The government and policy makers have to be informed about the various forms of discrimination being practiced against the Dalits. There is a need of an affirmative action policy that gives more visibility to the problems of discrimination through communication. Due to lack of information stereotypical opinions are being formed about the reservation policy. The issues have to be brought in the public domain to a greater extent.

Social benefits of reservation
Reservation has tremendous individual and social benefits. A study by Tilak in the early 1970s works out the returns of the reservation policy. If you help one scheduled caste person through reservation, or what you call as externalities in economics, then it can lead to a lot of social benefits as one person can elevate several members of his family. So the rate of social benefits in society is high. Another argument by the high caste academicians asserts that reservation would lead only to individual mobility. This is wrong as reservation has helped group mobility through individual mobility. Though there are very limited studies done over this, yet these have to be stressed. This aspect has to be studied to prevent the dissemination of false propaganda.

Scenario in other countries
There are similarities as well as differences. An amazing similarity is some sort of an anti-discrimination policy wherever minority groups are being excluded.

There are three remedies. Firstly a law exists to prohibit discrimination on the basis of caste, race, colour, ethnicity, nation and social origin. There are legally binding policies to safeguard against discrimination of different group identities. However, it has been widely observed that merely passing a law doesn’t necessarily prevent discrimination. Racial discrimination is rampant in the UK despite a law. Similarly, in Northern Ireland, Roman Catholics are discriminated by the Protestants. There is a law against ethnic discrimination in Pakistan yet there is Punjabi discrimination against the Baluchis and the Sindhis.

Secondly, these groups have been historically discriminated and denied opportunities. Therefore, in these countries, certain methods have been used to improve their participation in the economy, society and polity. The USA calls the quota system - target and numerical balance. Therefore,reservation and affirmative action policies are just a mechanism to provide a fair access to the discriminated.

Thirdly, the reservation policy only addresses the problems associated with current discrimination, but there are many communities that have been discriminated in the past. A 1901, Act prevented untouchables from owning land, which was repealed only in 1947. The result is that only 95 per cent of the Scheduled Castes in Punjab and Haryana are landless labourers. Therefore, compensation is used to correct this historical wrong all over the world.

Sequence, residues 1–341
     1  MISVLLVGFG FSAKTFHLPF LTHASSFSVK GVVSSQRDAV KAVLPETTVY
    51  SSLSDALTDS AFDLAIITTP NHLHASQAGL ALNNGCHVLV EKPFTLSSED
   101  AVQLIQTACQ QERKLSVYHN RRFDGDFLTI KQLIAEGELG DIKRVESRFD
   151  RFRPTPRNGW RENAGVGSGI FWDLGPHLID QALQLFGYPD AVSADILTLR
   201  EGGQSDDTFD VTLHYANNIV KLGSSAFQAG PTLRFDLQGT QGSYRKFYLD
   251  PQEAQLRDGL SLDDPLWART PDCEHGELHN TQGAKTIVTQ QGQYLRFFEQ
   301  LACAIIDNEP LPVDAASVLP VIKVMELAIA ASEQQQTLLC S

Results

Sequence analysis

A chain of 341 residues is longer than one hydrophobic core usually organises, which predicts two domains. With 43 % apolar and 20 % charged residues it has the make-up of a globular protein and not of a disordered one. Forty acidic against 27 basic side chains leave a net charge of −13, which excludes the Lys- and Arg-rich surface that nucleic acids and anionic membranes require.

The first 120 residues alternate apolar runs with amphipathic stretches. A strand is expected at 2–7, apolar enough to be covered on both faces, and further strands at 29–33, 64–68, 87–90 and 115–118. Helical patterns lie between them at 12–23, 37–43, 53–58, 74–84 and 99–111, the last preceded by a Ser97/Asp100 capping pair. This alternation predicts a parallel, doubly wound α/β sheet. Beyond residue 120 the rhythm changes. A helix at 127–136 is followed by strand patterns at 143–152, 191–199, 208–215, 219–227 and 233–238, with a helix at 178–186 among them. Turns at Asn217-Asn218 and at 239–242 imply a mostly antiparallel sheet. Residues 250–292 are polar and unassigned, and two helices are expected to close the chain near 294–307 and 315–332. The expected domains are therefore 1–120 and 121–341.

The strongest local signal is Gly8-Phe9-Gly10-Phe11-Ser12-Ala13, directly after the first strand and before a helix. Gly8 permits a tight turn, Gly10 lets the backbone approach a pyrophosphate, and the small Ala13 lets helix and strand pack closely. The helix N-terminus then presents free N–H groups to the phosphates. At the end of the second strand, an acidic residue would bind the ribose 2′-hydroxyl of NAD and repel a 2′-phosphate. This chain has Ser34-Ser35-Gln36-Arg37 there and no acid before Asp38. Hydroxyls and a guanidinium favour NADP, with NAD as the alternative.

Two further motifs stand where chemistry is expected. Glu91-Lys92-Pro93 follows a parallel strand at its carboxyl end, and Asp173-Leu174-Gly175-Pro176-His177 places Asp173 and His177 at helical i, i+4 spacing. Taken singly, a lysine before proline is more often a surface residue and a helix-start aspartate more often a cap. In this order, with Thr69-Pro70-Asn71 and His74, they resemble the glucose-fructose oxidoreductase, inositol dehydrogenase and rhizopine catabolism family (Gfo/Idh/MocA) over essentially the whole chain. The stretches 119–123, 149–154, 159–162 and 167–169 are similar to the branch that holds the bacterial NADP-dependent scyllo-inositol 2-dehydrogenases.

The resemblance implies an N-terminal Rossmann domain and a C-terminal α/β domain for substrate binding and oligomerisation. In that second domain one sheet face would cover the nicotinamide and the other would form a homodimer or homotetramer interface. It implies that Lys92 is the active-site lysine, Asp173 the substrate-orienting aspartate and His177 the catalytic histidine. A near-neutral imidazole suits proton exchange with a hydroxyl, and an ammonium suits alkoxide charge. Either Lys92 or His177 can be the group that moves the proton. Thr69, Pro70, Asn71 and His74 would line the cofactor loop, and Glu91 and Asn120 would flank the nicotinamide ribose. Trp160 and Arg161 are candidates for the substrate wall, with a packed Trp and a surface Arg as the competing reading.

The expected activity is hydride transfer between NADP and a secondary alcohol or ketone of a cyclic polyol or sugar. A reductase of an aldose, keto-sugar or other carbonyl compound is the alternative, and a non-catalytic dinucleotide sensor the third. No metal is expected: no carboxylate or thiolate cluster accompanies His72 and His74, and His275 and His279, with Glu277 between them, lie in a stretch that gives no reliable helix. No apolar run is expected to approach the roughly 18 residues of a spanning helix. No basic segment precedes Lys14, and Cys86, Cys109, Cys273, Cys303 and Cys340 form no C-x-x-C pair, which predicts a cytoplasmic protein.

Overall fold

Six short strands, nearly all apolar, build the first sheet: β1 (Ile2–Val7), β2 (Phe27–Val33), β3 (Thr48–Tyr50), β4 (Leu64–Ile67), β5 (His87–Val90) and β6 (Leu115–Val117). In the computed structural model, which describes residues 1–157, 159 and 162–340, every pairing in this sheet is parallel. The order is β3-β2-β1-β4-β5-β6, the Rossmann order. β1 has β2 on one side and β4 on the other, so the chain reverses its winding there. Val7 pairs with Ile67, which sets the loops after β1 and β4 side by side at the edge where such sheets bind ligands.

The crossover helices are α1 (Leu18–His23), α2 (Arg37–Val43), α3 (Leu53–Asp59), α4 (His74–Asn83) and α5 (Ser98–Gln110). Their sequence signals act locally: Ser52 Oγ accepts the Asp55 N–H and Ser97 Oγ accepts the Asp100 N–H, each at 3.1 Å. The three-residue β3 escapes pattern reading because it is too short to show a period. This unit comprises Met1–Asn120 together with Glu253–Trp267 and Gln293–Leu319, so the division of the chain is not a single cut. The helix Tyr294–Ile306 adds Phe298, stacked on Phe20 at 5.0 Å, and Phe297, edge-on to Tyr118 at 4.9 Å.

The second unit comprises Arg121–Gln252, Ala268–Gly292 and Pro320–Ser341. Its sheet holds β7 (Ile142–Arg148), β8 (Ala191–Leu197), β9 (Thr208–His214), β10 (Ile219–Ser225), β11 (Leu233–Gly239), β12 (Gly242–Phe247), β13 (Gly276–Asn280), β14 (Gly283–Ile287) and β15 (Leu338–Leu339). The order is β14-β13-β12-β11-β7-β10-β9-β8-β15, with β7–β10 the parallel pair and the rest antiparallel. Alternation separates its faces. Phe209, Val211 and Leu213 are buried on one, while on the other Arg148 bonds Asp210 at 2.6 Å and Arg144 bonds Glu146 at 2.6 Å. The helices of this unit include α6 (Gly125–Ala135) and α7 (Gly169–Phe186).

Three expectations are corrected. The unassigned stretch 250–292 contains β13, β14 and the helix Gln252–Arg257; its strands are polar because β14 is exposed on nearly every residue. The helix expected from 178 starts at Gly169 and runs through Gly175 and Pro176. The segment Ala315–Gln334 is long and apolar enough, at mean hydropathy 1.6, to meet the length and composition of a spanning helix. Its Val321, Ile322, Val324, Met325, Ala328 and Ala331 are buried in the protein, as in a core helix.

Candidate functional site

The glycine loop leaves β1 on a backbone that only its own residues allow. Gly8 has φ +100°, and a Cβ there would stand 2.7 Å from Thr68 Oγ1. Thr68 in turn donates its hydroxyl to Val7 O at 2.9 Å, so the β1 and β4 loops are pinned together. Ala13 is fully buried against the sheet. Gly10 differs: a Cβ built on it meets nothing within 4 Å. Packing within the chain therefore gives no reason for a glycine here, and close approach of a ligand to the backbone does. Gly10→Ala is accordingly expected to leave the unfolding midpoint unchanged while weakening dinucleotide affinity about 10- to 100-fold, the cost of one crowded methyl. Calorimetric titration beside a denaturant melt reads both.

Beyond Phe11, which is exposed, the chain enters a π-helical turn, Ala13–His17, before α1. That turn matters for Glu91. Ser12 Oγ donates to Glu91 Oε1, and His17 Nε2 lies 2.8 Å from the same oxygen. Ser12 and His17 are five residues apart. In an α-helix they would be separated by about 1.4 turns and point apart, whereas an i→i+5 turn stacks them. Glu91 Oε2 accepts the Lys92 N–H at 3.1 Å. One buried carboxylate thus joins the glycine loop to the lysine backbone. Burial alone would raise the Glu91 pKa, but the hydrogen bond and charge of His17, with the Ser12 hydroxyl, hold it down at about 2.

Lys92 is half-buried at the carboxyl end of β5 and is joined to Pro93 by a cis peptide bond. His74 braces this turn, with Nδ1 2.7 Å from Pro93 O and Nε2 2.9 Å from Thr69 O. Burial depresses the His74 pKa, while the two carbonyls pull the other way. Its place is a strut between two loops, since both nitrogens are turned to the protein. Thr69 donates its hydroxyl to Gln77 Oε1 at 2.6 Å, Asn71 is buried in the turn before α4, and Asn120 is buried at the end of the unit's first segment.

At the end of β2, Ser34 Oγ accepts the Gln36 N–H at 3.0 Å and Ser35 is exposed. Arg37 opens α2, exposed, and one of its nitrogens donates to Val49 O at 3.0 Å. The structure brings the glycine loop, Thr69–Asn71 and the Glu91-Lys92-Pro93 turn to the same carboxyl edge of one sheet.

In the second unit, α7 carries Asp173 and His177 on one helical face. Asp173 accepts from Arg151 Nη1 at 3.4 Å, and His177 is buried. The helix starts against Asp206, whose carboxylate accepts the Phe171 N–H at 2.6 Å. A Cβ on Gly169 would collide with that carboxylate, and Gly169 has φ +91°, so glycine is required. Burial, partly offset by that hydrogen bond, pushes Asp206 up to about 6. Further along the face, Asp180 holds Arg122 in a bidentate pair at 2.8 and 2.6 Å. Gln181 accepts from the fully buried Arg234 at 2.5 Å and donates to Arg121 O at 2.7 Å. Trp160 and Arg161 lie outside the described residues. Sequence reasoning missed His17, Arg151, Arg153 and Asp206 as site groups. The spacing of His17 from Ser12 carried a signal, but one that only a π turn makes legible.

Malaysia reserved large tracts of land for the Malays. Jews too have been given compensation. In India Mahars in Maharashtra, who are untouchables, were given a one time settlement in the form of Maharwatan land. The differences are in terms of the sectors - private or public, to which these policies are applied. For example, in Malaysia there is an Affirmative Action Policy (AAP) for land market, credit market, employment, education and foreign policy. In the US it exists for the public sector and governmental educational institutes. In the private sector only legal protection is provided rather than the AAP.

The method of implementing these reservation policies varies across countries. The Indian quota system is good, but is confined to the public sector. Similarly, in China a minority university has been set up to give proper participation to the 56 minorities in China.

The issue of private sector reservation came up because of the structural adjustment programme, or what we call the new economic policy, introduced by Dr Manmohan Singh in the July 1991 budget. This has led to de-reservation in a way. The 1948 Industrial Policy Act of the Government of India had 18 sectors in the public domain, which has now been reduced to four only. Fiscal deficit has reduced the number of government jobs. The privatization and liberalization strategy has put the spotlight on the reservation issue. This doesn’t mean that there was no demand. The SC/ST commission had asked for reservation in the private sector in 1964, which was raised again in 1971 under the leadership of Indira Gandhi.

The private sector talks of social justice and philanthropy but does not have many voluntary initiatives to highlight. The private sector has completely bypassed what is called corporate social responsibility. The United Nations has a provision for multinational corporations that they should follow a non-discriminatory policy in countries that they are active. There are 17 countries under this provision, which have given in writing to the UN that they would follow a non-discriminatory policy. This means that MNCs also are morally bound to follow a non-discriminatory policy.

Director, Indian Institute of Dalit Studies, Professor Sukhadeo Thorat, speaks on reservation for Dalits in the private sector. A professor of economics at the Jawaharlal Nehru University, Thorat has worked extensively in the areas of social exclusion, Dalit rights, farmers’ issues, rural poverty, problems of marginalized groups like the Scheduled Castes and Scheduled Tribes and the economics of the caste system.

Source: OneWorld South Asia, November 10, 2004